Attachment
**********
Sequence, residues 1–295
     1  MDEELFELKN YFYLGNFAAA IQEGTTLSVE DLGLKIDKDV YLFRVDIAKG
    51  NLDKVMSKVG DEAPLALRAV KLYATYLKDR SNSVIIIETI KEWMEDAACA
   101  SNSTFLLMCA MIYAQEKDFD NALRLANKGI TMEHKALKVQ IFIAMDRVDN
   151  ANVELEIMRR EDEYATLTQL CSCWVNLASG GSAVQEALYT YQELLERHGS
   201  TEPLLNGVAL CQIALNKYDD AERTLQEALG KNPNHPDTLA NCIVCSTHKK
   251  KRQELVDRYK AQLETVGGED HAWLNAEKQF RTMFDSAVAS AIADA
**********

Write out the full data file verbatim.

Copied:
Sequence, residues 1–295
     1  MDEELFELKN YFYLGNFAAA IQEGTTLSVE DLGLKIDKDV YLFRVDIAKG
    51  NLDKVMSKVG DEAPLALRAV KLYATYLKDR SNSVIIIETI KEWMEDAACA
   101  SNSTFLLMCA MIYAQEKDFD NALRLANKGI TMEHKALKVQ IFIAMDRVDN
   151  ANVELEIMRR EDEYATLTQL CSCWVNLASG GSAVQEALYT YQELLERHGS
   201  TEPLLNGVAL CQIALNKYDD AERTLQEALG KNPNHPDTLA NCIVCSTHKK
   251  KRQELVDRYK AQLETVGGED HAWLNAEKQF RTMFDSAVAS AIADA